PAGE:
As debt piles up, Japan tries to lock in low borrowing costs

TOKYO (Reuters) - Japan may borrow more debt over a longer horizon as the country steps up its already super-loose monetary policy to prop up economic growth and avoid slipping back into deflation.

Japan's national flag is seen behind a traffic signal of a red man at the Bank of Japan headquarters in Tokyo November 19, 2014. REUTERS/Yuya Shino

The plan is seen aimed at taking advantage of central bank stimulus to lock in low borrowing costs for the longest period of time and to reduce the need for future debt rollovers as Japan’s public borrowings continue to snowball.

The Ministry of Finance is considering raising the issuance of 30- and 40-year government bonds by a total of 2 trillion yen ($17 billion) in the new fiscal year starting in April, government officials with knowledge of the matter told Reuters.

It is also likely to reduce issuing short-term debt, such as two- and five-year notes, and trim the total issue from 155.1 trillion yen planned for the current fiscal year, they added.

The MOF is contemplating an increase of around 1 trillion yen each in the issuance of 30- and 40-year JGBs and plans to float the idea when ministry officials meet primary dealers on Friday before making a final decision, the sources said.

The move is not directly related to Prime Minister Shinzo Abe’s decision on Tuesday to delay a planned consumption tax hike, but reflects growing concerns among some policymakers and bureaucrats that bond yields risk rising if no credible measures are taken to curtail debt.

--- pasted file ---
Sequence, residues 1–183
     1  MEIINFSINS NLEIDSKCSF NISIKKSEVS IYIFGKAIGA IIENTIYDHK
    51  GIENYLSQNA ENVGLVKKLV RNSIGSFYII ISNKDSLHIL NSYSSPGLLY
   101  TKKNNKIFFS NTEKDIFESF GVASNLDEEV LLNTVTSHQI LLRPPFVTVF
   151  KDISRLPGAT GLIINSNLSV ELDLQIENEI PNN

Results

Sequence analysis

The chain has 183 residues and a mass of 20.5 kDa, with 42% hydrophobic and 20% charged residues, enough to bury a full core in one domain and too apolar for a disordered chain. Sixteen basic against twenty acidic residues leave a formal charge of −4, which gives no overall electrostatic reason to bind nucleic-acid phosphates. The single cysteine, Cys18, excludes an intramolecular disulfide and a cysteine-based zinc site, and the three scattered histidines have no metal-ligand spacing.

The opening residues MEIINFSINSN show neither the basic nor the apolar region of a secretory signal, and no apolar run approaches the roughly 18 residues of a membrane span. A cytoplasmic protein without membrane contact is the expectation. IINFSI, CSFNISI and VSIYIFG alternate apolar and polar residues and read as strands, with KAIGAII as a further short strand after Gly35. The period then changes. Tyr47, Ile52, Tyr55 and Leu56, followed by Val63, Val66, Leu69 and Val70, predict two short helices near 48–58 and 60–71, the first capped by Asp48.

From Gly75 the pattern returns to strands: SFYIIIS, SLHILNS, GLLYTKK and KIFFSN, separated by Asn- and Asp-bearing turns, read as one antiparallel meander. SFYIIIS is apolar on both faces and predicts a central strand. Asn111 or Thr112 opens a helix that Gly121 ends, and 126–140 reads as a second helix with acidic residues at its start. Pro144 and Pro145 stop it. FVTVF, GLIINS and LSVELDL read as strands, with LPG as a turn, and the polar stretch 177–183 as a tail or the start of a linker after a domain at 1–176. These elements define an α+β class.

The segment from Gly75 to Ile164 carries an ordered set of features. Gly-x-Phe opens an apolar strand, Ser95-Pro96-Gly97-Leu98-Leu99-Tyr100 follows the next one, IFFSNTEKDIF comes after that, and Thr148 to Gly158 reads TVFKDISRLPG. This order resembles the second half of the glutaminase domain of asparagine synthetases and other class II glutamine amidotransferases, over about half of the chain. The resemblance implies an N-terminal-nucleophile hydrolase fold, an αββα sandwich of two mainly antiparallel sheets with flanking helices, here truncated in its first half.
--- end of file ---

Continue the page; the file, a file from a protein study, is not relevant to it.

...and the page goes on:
“Considering Japan’s dire fiscal conditions, it is hard to envisage a sharp improvement, which is why they want to fix long-term debt at low rates,” said Hidenori Suezawa, fiscal analyst at SMBC Nikko Securities.

So far, the country has no problems financing its debt, which has reached over 200 percent of gross domestic product.

Domestic investors, with huge savings, have been happy to buy government bonds at time of deflation even as Japanese government bonds have one of the lowest yields in the world.

Yet, there are creeping worries that the country’s fiscal time bomb may be ticking quickly as Tokyo does not have a plausible plan to balance its budget even as its population looks set to age and decline faster in coming decades.

Highlighting the delicate balance Tokyo has to strike between spurring growth and tightening its fiscal belt, the Japanese economy unexpectedly slipped into recession after the first leg of a sales tax increase in April.

Abe’s decision to postpone the second part of the tax hike to 10 percent from 8 percent further makes it difficult to achieve the government’s goal of balancing the budget, excluding debt-related revenues and expenses, by 2020.

But even before Abe’s move, the country’s finance ministry had long been seeking to extend the average maturity of its debt stockpile, which reduces the need for future debt rollovers.

“From a debt management point of view, it is natural to increase long-dated bonds,” said a government official who has knowledge of the matter.

In the current fiscal year to March, the ministry plans to sell 1.6 trillion yen of 40-year bonds and 8.0 trillion yen of 30-year bonds, both record amounts.

There was muted reaction in the JGB market as the move was widely expected and traders already see that the BOJ’s massive bond purchases will bring down yields.

Yields on 30- and 40-year bonds have fallen sharply since the Bank of Japan stepped up buying in these maturities following its surprise easing on Oct. 31.

The 30-year JGB yield stood at 1.425 percent JP30YTN=JBTC on Wednesday, down from 1.445 percent earlier in the session, and way below Japan's inflation levels. Core consumer price inflation was 3.0 percent in September, or an estimated 2.0 percent when the effect of a sales tax hike is excluded.

(1 US dollar = 117.0600 Japanese yen)

Additional reporting by Lisa Twaronite; Editing by Eric Meijer and Jacqueline Wong